Syria + 6 more

Under-Secretary-General for Humanitarian Affairs and Emergency Relief Coordinator, Mark Lowcock Opening remarks to the Brussels IV Conference, 30 June 2020

News and Press Release
Originally published

Virtual Meeting, 30 June 2020

Excellencies, ladies and gentlemen, thank you all for participating in today’s event.

The Secretary-General’s words speak to the magnitude of this crisis. The numbers are really unfathomable.

The Syria crisis is in its tenth year; approaching the length of the combination of World Wars I and II.

The crisis has wreaked havoc across the region. I want to start once again by thanking the neighbouring countries, including Turkey, Lebanon, Jordan, Iraq and Egypt for their generosity in supporting Syrians who fled, and by urging the international community to provide more generous support for the refugee hosting countries. The economic strain is acute across the region.

Syrians inside the country and in the region are now being confronted with new challenges.

The Syrian economy is in a dramatic downturn. Prices of essentials – food, medicines, fuel – are soaring. The Syrian pound fell to a record low against the US dollar this month.

We are seeing food insecurity rise to unprecedented levels. The World Food Programme estimates 9.3 million people in Syria now to be food insecure. Almost half a million children suffer from stunting due to malnutrition.

I in particular want to echo the Secretary-General’s remarks last week, when he expressed full solidarity with the Lebanese people during the enormous challenges their country is facing. Costs of basic goods have tripled, and unemployment is increasing. In Jordan, recent survey data show that, at the peak of the lockdown, two-thirds of families had less than one week of financial resources to draw on.

And now we have COVID-19, which has the potential to cause much more suffering and loss, with preparations to tackle it inside Syria wholly inadequate in the light of the degrading of the health system through the years of crisis.

Let me tell you about some of the things we are doing to help address the crisis.

The UN’s Regional Refugee and Resilience Plan for 2020, for which we are seeking a little more than $6 billion today, will provide food assistance, medical services, better access to water and sanitation and education for millions of Syrian refugees.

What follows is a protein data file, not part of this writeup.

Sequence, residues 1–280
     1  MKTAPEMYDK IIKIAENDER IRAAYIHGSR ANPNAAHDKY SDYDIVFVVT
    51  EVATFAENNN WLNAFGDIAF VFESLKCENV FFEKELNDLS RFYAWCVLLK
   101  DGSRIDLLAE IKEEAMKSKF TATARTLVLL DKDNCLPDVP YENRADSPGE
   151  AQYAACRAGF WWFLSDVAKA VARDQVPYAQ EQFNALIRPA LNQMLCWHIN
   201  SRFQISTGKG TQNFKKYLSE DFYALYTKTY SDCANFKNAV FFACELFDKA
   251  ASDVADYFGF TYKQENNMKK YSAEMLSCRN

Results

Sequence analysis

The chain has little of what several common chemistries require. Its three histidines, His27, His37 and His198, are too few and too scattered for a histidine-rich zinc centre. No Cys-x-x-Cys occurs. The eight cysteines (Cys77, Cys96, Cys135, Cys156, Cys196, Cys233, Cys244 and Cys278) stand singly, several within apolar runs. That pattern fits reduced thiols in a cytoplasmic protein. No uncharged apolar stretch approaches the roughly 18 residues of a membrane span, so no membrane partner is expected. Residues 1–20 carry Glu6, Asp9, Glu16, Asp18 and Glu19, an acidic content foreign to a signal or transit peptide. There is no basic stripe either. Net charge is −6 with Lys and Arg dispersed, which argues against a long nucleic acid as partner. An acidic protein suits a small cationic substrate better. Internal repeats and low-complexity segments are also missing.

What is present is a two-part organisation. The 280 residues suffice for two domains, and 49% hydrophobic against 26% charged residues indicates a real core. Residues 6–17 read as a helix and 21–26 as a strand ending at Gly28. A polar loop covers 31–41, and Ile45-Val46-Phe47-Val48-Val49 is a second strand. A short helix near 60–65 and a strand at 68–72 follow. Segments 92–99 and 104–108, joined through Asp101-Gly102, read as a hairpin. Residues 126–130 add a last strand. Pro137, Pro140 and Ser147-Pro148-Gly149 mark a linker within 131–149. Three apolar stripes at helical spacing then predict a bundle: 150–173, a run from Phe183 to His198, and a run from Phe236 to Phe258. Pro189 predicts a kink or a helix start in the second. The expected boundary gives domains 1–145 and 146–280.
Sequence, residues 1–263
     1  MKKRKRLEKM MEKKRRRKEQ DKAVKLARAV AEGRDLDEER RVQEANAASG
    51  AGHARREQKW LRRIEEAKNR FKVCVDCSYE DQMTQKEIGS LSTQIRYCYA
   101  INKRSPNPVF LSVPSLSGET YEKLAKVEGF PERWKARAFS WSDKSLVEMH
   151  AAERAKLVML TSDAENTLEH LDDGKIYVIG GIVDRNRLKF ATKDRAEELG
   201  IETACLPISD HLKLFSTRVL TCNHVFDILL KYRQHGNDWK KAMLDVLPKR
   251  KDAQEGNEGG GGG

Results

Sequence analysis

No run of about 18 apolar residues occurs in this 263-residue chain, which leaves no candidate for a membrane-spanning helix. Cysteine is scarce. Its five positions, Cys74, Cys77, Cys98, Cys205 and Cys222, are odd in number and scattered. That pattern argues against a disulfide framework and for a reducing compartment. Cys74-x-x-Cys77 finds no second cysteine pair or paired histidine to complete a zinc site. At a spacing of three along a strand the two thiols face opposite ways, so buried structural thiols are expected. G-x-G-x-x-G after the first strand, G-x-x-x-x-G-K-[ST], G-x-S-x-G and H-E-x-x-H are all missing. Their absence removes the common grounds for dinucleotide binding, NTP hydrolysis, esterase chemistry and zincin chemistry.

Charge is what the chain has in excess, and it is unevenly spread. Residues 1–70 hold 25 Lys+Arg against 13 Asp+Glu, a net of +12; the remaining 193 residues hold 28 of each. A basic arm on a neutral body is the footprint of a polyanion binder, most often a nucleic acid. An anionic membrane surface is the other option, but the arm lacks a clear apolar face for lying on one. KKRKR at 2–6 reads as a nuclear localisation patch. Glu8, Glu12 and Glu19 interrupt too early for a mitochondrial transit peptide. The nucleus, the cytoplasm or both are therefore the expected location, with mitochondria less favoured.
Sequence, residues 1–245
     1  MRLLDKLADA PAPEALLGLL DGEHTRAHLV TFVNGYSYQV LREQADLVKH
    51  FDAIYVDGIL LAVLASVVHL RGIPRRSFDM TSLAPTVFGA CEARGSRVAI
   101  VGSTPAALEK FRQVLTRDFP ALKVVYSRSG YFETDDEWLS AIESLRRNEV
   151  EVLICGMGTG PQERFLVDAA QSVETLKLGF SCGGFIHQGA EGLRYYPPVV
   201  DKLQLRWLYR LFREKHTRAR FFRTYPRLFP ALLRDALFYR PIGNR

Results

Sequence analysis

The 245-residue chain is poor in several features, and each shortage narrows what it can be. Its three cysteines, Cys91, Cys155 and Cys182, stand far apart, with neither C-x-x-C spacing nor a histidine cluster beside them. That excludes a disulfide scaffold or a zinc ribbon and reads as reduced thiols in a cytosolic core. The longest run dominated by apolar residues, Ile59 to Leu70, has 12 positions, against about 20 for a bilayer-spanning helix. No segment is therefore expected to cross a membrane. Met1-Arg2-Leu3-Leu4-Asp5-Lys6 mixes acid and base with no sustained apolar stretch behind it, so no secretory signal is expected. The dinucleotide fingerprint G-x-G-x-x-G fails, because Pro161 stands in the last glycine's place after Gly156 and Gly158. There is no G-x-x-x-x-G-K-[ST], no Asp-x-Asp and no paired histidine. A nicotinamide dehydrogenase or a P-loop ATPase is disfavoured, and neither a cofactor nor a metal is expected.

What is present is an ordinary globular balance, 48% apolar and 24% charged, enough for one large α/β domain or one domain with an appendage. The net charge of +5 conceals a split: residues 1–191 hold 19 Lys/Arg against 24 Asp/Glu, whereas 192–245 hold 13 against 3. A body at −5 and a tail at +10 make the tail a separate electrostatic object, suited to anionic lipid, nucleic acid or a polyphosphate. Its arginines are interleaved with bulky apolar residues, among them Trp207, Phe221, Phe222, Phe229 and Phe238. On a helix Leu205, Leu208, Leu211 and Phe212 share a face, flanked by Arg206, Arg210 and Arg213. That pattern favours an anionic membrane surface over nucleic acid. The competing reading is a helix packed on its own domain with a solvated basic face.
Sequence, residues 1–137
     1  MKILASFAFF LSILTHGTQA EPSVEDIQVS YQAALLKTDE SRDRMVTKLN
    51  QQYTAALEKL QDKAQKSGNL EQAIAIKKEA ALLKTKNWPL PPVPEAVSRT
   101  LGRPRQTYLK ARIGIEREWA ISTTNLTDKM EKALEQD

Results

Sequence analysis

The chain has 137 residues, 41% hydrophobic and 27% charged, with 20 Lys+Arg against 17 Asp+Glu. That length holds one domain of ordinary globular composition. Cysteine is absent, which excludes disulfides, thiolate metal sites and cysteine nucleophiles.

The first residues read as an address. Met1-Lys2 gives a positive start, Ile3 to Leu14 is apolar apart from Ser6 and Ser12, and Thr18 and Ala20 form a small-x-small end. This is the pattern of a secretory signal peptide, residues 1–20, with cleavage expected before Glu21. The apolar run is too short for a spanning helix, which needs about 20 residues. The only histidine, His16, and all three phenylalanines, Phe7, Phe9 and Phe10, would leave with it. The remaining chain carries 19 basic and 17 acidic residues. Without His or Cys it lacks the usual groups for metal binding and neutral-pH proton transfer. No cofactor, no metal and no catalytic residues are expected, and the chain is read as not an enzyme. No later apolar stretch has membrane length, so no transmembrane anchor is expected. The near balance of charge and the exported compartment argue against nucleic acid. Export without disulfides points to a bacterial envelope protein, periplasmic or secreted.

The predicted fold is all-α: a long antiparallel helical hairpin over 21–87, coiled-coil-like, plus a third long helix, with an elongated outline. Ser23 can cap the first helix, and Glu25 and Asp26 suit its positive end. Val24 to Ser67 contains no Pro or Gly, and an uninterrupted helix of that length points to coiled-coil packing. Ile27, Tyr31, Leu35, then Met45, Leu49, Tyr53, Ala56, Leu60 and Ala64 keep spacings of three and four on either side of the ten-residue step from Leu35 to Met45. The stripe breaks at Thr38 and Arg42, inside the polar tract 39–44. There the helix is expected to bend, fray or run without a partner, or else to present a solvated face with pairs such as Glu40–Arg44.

Inside Syria, humanitarian operations in the first quarter of 2020 have reached more than 5.5 million people in government-controlled areas and through cross-line deliveries to the north-east.

That includes food assistance for more than 3.2 million people; nutrition support for half a million children; critical water and sanitation for 1.3 million people; 4 million medical procedures.

In addition, the cross-border operation into north-west Syria is delivering at unprecedented levels, providing a lifeline for 2.8 million people in need in the area.

Yesterday, I briefed the Security Council on the critical importance of extending the authorization for cross-border assistance, which the High Representative has just referred to, provided to the United Nations under Security Council resolution 2504. It expires in 10 days.

The humanitarian assistance we provide across Syria and in the region depends on the generous support of the States and constituencies represented here.

Your financial support saves lives and helps prevent the situation spiraling out of control. It is critical that this support continues.

Let me also note the public assurances by the United States and by the European Union that their sanctions programs relating to Syria neither ban the flow of humanitarian supplies, nor target medicines and medical devices. I welcome their commitments to fully and expeditiously apply humanitarian exemptions.

Our Humanitarian Response Plan and COVID-19 Response plan for inside Syria requires $3.8 billion for 2020, to assist nearly 10 million people across the country.

They include 438,000 Palestine refugees, who are among the communities most affected by the crisis.

Excellencies, ladies and gentleman

One of the most tragic consequences of the horror story of the last decade has been the robbing of millions of children of their right to a decent education. This will have major long-term consequences - by which I mean we will see the results for more than fifty years.

Inside Syria, an estimated 2.45 million school-age children are out of school while another 1.6 million are at risk of dropping out.

Despite the current socio-economic challenges, refugee-hosting countries continue to generously provide access to education services. An estimated 1.2 million school-age Syrian children in refugee hosting countries are enrolled in education programmes. But 800,000 more remain out of school, and many of those who are enrolled are at risk of dropping out.

One of the major challenges is funding.

So, I want particularly to urge the donor countries here today to give greater priority in your pledges to the education of these children – in your own interests, but most importantly in theirs.

Thank you.

UN Office for the Coordination of Humanitarian Affairs
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